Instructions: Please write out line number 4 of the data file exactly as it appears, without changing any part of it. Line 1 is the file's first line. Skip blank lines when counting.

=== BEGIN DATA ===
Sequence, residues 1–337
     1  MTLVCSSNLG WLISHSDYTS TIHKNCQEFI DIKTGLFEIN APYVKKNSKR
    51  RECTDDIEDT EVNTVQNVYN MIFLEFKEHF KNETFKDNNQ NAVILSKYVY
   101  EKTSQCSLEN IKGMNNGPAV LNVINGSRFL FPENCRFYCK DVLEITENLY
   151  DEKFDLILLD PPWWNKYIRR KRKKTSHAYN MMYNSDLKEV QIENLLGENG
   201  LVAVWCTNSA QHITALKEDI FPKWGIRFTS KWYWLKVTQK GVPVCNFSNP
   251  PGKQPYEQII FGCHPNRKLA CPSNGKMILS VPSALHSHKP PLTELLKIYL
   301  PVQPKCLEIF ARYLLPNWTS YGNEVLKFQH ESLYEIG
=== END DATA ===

   101  EKTSQCSLEN IKGMNNGPAV LNVINGSRFL FPENCRFYCK DVLEITENLY